The Tenant Opportunity to Purchase Act, better known as TOPA, was enacted more than 30 years ago by the D.C. Council. It was designed to protect renters from being kicked out of their homes by landlords who wanted to sell their property to make more money.
Depending on which side you were on, TOPA was either “tenant capitalism” or “pure blackmail.” The reason for the schism was how the law was applied.
When renters of single-family homes, which include condos and co-ops, were notified that their landlord intended to sell, they would sometimes demand lots of money to release their TOPA rights.
Last month, the D.C. Council sought to remedy this problem. It passed a bill that, to a large extent, eliminated TOPA from single-family dwellings. The council relied, in part, on a study that showed from Oct. 26, 2009, through Aug. 15, 2015, out of 398 TOPA offers only 19 were successful. In other words, although landlords complied with TOPA, less than 5 percent of renters ended up buying their home. The law is awaiting Mayor Muriel E. Bowser’s signature. Once she signs it, there will be a 30-day period of congressional review before it becomes final.
In simple terms, the new law abolishes TOPA as it applies to single-family dwellings, which includes condominiums and co-ops. Accessory dwelling units (ADU), such as basements or garage apartments separate from a main home but with their own bathrooms, kitchens and entrances, are exempt from the law, even if there are renters in the main house and the ADU.
Under the new law, renters will still have to be notified of their landlord’s intent to sell. But unlike the TOPA notice, it does not trigger a right to purchase. A notice also must be provided to D.C.’s Office of the Tenant Advocate.
The law differs for renters who are 62 or older or have a disability. For those tenants who signed a lease to occupy a single-family dwelling before Dec. 31, 2017, and occupied it by Jan. 15, 2018, a modified TOPA still exists. They must respond within 20 days after receiving notice the landlord intends to sell. If the tenant wants to buy the property, he would have 25 days to negotiate a sales contract, and closing must take place 45 days thereafter. However, if a lender needs more time, the tenant can have an additional 30 days in which to get lender approval and take title.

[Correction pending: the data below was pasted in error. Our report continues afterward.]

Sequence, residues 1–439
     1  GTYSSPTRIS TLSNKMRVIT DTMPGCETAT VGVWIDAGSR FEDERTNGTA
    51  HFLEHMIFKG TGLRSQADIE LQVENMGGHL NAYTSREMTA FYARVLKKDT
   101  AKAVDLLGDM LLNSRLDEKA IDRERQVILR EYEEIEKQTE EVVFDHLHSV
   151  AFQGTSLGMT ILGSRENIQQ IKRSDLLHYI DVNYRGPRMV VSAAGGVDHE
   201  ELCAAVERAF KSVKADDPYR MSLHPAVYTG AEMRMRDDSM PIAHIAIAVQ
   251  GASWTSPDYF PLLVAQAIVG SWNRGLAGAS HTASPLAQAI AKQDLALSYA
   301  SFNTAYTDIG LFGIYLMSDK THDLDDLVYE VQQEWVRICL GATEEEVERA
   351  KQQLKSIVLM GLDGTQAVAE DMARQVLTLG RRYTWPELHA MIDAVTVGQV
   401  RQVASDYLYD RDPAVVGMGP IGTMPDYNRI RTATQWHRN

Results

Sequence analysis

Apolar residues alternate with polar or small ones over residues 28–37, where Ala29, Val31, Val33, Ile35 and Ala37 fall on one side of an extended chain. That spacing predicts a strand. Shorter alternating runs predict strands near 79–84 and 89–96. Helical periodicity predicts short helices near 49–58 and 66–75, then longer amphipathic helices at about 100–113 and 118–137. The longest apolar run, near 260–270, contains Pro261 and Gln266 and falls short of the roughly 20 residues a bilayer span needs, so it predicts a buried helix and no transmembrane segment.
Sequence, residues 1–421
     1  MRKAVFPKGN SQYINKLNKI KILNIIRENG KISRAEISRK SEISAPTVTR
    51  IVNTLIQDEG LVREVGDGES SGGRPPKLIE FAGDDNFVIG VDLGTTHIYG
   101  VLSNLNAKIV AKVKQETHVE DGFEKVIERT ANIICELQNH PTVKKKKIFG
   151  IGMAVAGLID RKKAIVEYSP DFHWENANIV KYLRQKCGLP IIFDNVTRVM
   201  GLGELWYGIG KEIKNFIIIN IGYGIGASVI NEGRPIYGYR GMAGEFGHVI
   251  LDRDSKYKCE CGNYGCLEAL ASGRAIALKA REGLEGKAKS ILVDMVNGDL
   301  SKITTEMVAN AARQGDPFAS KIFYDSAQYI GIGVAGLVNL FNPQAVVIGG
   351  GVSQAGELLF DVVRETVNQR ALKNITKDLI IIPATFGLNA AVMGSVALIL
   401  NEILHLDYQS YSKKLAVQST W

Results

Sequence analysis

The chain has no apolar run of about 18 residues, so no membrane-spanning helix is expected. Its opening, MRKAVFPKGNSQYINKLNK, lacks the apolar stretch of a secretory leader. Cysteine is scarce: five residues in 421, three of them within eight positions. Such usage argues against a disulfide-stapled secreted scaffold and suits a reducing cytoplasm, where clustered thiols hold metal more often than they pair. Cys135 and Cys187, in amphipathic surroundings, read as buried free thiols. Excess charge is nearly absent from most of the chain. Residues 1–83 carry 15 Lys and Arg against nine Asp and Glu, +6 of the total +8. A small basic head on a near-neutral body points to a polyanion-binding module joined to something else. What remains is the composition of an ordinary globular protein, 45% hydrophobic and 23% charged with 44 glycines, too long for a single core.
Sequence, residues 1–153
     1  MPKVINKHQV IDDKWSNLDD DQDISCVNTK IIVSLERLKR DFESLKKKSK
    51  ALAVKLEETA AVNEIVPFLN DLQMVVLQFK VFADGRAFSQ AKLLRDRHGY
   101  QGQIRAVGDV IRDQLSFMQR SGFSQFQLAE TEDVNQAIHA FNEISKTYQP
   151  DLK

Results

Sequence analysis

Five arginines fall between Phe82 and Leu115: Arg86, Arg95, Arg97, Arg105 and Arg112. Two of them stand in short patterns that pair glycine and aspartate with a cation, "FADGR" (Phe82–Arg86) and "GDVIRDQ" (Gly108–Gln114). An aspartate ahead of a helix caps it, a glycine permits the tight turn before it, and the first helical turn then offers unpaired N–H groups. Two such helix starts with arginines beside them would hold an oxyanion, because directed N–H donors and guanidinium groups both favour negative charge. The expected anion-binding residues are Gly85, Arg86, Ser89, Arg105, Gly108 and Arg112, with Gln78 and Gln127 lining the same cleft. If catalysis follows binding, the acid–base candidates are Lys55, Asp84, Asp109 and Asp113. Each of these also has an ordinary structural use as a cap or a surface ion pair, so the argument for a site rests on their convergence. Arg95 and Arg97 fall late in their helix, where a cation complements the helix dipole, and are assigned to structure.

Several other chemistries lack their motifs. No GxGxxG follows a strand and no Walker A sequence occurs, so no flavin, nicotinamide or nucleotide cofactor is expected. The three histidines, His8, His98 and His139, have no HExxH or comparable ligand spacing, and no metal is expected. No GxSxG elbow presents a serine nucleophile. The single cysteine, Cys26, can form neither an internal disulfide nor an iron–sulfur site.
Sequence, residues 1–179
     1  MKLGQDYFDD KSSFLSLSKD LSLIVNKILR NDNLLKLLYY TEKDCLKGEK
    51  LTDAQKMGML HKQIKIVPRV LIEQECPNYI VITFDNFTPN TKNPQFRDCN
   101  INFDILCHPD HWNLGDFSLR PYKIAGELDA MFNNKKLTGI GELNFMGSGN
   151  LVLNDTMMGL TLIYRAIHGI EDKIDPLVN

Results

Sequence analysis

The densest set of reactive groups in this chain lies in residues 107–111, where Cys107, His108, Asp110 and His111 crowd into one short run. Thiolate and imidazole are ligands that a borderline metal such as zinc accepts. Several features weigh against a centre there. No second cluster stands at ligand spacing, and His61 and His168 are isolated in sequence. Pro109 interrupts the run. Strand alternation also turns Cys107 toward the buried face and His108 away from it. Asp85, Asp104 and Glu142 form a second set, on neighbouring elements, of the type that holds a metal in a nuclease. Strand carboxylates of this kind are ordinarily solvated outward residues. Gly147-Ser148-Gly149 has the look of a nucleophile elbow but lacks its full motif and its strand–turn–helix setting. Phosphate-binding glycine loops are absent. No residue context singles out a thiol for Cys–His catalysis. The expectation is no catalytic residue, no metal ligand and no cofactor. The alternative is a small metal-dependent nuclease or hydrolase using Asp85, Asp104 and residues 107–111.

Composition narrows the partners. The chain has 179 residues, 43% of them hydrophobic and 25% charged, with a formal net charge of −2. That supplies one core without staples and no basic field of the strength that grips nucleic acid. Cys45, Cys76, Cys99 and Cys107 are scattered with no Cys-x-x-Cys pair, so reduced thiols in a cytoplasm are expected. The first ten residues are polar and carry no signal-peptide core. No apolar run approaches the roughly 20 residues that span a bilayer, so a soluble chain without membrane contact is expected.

The D.C. Council was sensitive to the concerns of the real estate industry — and many homeowners — that tenants were flipping (assigning) their rights to speculators for large sums of money and also delaying closing. The new law is clear: The only consideration an elderly or disabled tenant can receive for selling his tenant rights is the “right to immediately use and occupy the tenant’s unit for a period of 12 months following the sale and at the same rent charged at the date of the offer.”
Before the law, TOPA covered single-family properties, properties with two to four units and buildings with five or more units.
The latter two remain in place. Renters in those properties still have the right to purchase their property under TOPA, although those who live in a building with more than five units must be represented by a formal tenant association. The time-frames in which the tenants (or their association) must respond vary. For example, if you live in a building with two to four units, all renters must express an interest in buying to trigger TOPA. If not everyone is interested or if 15 days elapse since the TOPA notice was given by the owner, any tenant can assert his right to buy his home, but he must do so within seven days thereafter.
The tenant (or tenants) have 90 days to negotiate a contract to buy, and if a contract is entered into, the buyer has another 90 days to go to closing. If a lending institution notifies the tenants in writing that it needs more time, the settlement can be extended for another 30 days.
The TOPA process involving buildings with more than five units is even more complex. After the tenants receive a TOPA notice, they have 45 days to form a tenant organization with the legal capacity to hold property. They then have 120 days to enter into a contract, and another 120 days to take title. Once again, if a lender needs more time, the landlord must extend the deadline in accordance with the lender’s estimate of how long it needs.
Since its enactment, TOPA has been the subject of hundreds of lawsuits, some brought by landlords and others by tenants. I suspect that litigation will continue when it comes to buildings that still fall under the TOPA regulations. It is too soon to tell how the new law will affect renters and landlords of single-family properties.
Benny L. Kass is a Washington and Maryland lawyer. This column is not legal advice and should not be acted upon without obtaining legal counsel. Send questions to